The summaries of the candidate’s interviews that appeared in print can be found here. Below are direct quotes from the candidates grouped by question or area. They’re listed in alphabetical order, the order of candidates rotated for each question.
Christopher Clark: “You have to be a good listener, be willing to work with others even if you don’t agree with them 100 percent. You have to be willing to put your neck out even if it isn’t a popular idea. To show someone the other side to the situation, even if you’re not with the popular side.”
Dave Colling: “It’s about listening and educating … and knowing when to do each is important as well. Also being able to make decisive decisions and standing by those decisions and also to be flexible enough to know when you’re wrong.”
Jan Jenson: “Leadership is to not only listen to what people have to say and take it seriously, but also from a council standpoint, how do we look at issues from a strategic standpoint, and try to react in a strategic way … If you’re in a leadership role, you want to do things carefully and methodically … It’s easy to point the finger, it’s hard to come up with something that’s really valuable and beneficial, genuinely serving all.”
Thomas Randle: “You have to listen to the will of the people. …You can’t make decisions in your own self-interest. You make decisions for the people who voted you in, being responsible financially, leading by example, is what it all boils down to.”
Nancy Robinett: “What leadership looks like to me is exercising independent judgment, and looking into issues, forming opinions, and taking in information, based on an independent evaluation of what the issues are, what the facts are what is in the best interests of St. Anthony.”
“Another critical component of leadership for every council member is to engage actively with community members and encourage participation, feedback from community members so that there is a sense of transparency and accountability and communication that the community feels in its engagement with the mayor and the council.”
Randy Stille: “We’re leaders in terms of promoting our mission and our vision, for example: not everybody embraces sustainability and I think we need to understand and make people understand why, and when we get up in City council, we try to explain why we’re doing things and educate people to some of the things that we’re doing.”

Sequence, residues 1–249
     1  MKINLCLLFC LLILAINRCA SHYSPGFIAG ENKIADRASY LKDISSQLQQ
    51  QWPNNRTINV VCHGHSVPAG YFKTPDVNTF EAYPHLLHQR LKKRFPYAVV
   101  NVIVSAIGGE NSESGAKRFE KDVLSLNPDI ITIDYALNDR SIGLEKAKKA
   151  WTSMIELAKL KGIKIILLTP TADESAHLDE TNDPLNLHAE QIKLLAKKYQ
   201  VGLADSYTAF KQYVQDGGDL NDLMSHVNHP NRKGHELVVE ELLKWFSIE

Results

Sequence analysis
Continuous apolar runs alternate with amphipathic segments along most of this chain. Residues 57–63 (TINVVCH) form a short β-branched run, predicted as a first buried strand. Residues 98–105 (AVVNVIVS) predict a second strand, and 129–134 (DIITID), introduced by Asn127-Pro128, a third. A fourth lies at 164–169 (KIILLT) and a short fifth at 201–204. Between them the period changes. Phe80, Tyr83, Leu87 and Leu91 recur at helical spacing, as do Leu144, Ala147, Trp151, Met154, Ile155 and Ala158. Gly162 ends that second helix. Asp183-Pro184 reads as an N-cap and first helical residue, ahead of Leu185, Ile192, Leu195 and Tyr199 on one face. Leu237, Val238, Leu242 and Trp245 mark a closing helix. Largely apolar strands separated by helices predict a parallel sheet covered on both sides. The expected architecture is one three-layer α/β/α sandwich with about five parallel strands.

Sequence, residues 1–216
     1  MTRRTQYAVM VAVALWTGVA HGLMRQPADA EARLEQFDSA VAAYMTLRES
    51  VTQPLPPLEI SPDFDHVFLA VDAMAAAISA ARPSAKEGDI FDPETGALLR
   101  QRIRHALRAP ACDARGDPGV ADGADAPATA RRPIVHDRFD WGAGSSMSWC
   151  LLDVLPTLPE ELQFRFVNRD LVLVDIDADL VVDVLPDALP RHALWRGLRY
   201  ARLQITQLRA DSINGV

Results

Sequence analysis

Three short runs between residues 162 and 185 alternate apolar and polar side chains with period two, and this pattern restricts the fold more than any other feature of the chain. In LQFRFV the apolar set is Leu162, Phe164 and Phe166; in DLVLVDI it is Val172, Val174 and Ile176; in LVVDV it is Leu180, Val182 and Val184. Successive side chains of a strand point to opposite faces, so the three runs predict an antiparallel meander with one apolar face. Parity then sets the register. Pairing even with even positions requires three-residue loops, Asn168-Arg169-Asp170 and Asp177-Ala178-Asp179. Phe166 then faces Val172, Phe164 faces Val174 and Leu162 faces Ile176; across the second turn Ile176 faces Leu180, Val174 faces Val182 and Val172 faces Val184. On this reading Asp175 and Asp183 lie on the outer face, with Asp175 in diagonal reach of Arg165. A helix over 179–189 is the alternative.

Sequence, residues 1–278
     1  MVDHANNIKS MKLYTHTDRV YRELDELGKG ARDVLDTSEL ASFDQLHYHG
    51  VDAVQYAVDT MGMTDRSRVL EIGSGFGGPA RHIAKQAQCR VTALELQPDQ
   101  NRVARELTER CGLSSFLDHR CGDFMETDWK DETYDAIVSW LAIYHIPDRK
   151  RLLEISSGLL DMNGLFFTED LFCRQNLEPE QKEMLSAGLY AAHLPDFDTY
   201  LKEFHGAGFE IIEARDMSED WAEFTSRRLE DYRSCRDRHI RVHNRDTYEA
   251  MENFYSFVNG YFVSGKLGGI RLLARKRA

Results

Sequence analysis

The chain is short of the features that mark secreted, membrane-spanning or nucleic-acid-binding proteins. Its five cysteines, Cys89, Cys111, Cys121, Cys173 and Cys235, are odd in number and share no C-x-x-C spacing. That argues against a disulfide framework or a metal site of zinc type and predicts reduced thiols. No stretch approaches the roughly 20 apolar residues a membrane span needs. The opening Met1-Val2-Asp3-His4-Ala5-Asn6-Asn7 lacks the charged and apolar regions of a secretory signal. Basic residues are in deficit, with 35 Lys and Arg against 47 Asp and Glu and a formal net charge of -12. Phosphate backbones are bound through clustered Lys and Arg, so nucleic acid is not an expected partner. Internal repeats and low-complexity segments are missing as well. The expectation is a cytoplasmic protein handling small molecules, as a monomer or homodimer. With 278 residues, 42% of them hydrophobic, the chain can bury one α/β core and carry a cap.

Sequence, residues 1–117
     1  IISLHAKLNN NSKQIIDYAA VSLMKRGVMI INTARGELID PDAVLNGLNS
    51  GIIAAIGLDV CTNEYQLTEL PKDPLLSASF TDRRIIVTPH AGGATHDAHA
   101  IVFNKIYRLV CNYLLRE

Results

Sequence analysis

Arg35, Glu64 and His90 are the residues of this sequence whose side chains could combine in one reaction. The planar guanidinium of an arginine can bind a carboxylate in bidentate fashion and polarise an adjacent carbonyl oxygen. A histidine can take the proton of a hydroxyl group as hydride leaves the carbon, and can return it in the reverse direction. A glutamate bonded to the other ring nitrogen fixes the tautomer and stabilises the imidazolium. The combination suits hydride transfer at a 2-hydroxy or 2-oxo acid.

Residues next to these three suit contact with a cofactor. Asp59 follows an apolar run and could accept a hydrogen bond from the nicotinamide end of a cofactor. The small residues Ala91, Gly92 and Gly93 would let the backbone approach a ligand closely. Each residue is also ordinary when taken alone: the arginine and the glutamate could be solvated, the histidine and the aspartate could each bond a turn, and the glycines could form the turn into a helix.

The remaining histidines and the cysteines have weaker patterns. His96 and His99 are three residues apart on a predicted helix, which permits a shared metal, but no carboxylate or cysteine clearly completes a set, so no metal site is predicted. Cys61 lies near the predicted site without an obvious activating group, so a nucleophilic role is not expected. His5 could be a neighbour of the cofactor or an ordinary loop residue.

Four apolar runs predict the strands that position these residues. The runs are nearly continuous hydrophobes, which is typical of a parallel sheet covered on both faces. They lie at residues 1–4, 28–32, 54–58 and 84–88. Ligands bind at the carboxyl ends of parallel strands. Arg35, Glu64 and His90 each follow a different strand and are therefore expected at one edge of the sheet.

“The other type of leadership: we act like leaders, we have to be able to be professionals and show calmness and courage, sometimes in the face of things sometimes in situations where things aren’t so calm, and I think that demonstrates leadership too.”
On Lowry Grove:
Colling: “That’s what first got me involved, during all of that I saw very little action from the city. I think it’s incumbent upon us, of a city official of an elected official at any level, elected official at any level to not only be there to vote and do the day to day basic thing that an elected official has to do, but also to be there for the constituents.
“If some homeowner in St. Anthony were to lose their home through no fault of their own … I’m not saying that the city should come save my home, but at the very least I would expect them to come by and say ‘How are you doing? Is there anything we can do to help you stay in the city?’ for folks who wanted to stay.
Jenson: “Until the developer presents to the council, we can’t openly discuss how we feel about it. Even though I have a lot of feelings about it.”
Randle: “I feel terrible for anyone that loses their home. The Lowry Grove situation is kind of a tough one. Why did they lose their homes? I don’t know the motive behind that.”
Robinett: “I don’t think it’s healthy for a community to allow its most vulnerable residents to leave without attending to their needs or seeking to offer any sort of assistance to them, be it relocation, or housing assistance, or attempts to ameliorate the blow to them of affordable housing.”
“I’m not a person who says that when affordable housing is lost to development, that you have to replace housing to 100% because some housing is lost. I realize that is not possible in our capitalist world. But I do believe that communities and local government have a duty as part of government to its citizens to provide some sort of housing assistance to soften the blow.”
Stille: “I can’t comment because I need to let the development process unfold. It’s an area that I need to handle in a public manner, and not in the paper.”
Clark: “They just pushed them out like they don’t exist. That’s a shame. Talk about community, what community? Are we trying to design something that shouldn’t be? I think there needs to be more discussion. I think people really need to do more to welcome those who are part of the 99%.”
Answers to the question “Are some people in the community are served better than others?”
Jenson: “Speaking for myself, I think there’s a lot more empathy from me on some social issues that were presented to us, but it’s a little difficult to come up with an answer without going through a more strategic planning exercise, not just say ‘Hey, this happened, we’re going to do this.
Big things have happened. I believe these two initiatives [[the Department of Justice review of the police department, and the city’s participation in the Government Alliance Race and Equity]] will help guide us to improve we respond to things. [[With respect to development, and specifically to the police shooting]] there was an Interest in that we quickly do something about that, I don’t know how we could do something quickly more of a strategic approach to it, so that we develop long term improvement plans, and that we are empathetic with everybody.”
Randle: “I guess in what way? There are cliques. There’s definitely cliques. I don’t believe every voice is heard. No, I don’t.”